Mr. Jim threw his helmet back on but before he started his motorbike, looked back and smiled at me as a way of saying thanks for the help. I’ll never forget that moment and will always look back on Mr. Jim with a smile. That’s the only way I can really think about him and Siem Reap because without a smile, the memory would be a pointless exercise. Looking back on our time there, I couldn’t find any worthwhile shots of Mr. Jim other than the one of him against the boiling hot sun. I had no idea about how the sun could ruin a great person’s face when it’s directly above you and unknowingly took the shot. I couldn’t capture Mr. Jim’s pearly whites shining there but can attest to the fact that he constantly showed them to us. His kind and caring nature are something that I’ll never forget.

Of course he’s not the only person that showed us a good time in Cambodia. The man at our hotel (Siem Reap Rooms) was always eager to point things out and guide us in the right direction. Kids everywhere would greet us with a smile and the people who eagerly tried to sell us something would still wave goodbye with a big grin and nod. Cambodia is far from perfect and there were many people we met that were old enough to remember the horrors of the Khmer Rouge. I know that life there is tough and that the problems today in Cambodia will be difficult to overcome. My goal here is not to block them out but to shed light on the people who still go through life spreading brightness and cheer through friendship and kindness.

The system in Cambodia might be letting its citizens down and that’s a  shame that’s beyond a pointed finger from someone like me. I’m only capable of shedding light on the lovely Khmer smiles that I found each day when traveling around that beautiful country. They are proof that there’s life beyond this tough and troublesome present. Today’s Cambodia is known for many things but those Khmer smiles stand out amongst the rest.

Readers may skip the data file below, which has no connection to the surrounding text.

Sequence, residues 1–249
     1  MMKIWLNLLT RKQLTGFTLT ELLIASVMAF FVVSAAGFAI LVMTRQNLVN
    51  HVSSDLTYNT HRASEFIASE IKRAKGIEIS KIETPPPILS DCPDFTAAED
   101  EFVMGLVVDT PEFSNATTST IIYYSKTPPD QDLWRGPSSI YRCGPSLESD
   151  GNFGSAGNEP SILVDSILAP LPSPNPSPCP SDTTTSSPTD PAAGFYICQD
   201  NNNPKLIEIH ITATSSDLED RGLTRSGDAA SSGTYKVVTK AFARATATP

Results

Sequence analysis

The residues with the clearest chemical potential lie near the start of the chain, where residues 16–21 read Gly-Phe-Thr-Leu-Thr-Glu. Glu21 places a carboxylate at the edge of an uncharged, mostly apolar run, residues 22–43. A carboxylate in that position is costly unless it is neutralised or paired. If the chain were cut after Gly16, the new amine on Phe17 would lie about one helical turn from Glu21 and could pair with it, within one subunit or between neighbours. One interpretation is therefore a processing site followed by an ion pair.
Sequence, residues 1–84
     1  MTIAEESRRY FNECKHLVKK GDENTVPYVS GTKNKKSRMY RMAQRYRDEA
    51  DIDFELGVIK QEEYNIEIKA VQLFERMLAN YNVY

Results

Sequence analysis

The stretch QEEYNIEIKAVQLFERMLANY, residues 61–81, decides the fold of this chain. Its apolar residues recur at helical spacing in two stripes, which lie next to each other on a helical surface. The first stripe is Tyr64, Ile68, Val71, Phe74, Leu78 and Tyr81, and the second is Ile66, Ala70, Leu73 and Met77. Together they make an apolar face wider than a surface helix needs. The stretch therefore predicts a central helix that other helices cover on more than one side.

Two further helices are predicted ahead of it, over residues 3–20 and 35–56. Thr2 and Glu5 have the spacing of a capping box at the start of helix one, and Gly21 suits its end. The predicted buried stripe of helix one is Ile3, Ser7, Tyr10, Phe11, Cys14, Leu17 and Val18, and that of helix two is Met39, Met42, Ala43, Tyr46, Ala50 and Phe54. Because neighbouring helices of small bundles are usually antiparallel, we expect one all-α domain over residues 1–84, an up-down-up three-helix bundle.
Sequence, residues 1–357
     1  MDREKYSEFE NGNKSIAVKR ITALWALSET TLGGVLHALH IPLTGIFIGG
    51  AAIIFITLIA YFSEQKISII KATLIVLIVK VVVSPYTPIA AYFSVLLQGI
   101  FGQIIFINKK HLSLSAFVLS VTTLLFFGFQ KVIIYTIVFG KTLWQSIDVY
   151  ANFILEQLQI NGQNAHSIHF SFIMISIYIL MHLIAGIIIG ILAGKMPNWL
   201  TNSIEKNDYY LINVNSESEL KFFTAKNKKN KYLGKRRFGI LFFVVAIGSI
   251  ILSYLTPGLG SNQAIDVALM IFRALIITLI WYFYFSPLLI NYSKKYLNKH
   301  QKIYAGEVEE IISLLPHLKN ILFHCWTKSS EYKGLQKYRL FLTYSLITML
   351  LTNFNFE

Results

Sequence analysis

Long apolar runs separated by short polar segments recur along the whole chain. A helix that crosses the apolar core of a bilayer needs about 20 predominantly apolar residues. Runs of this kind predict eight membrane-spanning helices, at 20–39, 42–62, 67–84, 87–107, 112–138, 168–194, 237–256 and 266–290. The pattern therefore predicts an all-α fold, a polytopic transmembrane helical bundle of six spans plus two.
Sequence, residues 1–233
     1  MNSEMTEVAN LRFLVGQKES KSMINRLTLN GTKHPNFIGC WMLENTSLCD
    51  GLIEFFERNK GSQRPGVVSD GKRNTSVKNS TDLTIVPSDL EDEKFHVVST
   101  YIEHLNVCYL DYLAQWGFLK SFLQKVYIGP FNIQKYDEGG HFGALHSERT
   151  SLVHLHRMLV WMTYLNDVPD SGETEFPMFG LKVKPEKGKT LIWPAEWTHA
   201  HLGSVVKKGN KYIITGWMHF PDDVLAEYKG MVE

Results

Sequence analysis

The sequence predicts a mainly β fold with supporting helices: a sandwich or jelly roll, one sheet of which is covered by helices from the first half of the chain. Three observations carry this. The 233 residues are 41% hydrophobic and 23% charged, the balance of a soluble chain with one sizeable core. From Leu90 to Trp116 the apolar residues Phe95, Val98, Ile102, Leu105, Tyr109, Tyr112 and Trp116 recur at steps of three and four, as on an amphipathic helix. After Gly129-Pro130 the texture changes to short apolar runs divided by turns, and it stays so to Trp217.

Have you ever had similar experiences with people? 

Ever visited Cambodia? What did you make of the people and the place? 

About the author

Duke Stewart

As a recovering Expat, I write about Life through Travel and want you there with me through captivating stories followed by guides on how to do the same. My work has been featured in various magazines throughout Korea and in online publications including the awesome Hipmunk.com. I am also a nerd and love to point out a situation's similarities to any of my favorite movies, books, or tv shows. You've been warned:) Follow along on Facebook, Twitter, and Instagram for daily updates.

8 Comments

  • It’s so true what you say about how a class is greeted at the start of the period can set the tone. In all my travels, I’d say more often than not people have struck me as on the friendly side, but I’ve yet to travel to the East.

    • I haven’t really traveled enough in the U.S. or North America so it’s hard to remember what I’ve experienced. Hopefully I’ll get another shot at that in the future. Any recommended routes?

  • Sounds like quite the contrast between Cambodia and Korea. I know Cambodia is becoming more of a travel destination – no doubt the smiling people play a great role!

  • That is also the way I felt (and feel) about Cambodia and its people. In fact I cannot wait to return. So incredibly friendly and completely void of ill-will which is a magical thing in itself given their recent history. Anyway, I am glad you enjoyed it Carl.

    • Cambodian people are basically the standard bearers of friendliness when I think back on the places we’ve visited. So many friendly folks. I hope that attitude remains even as tourism increases.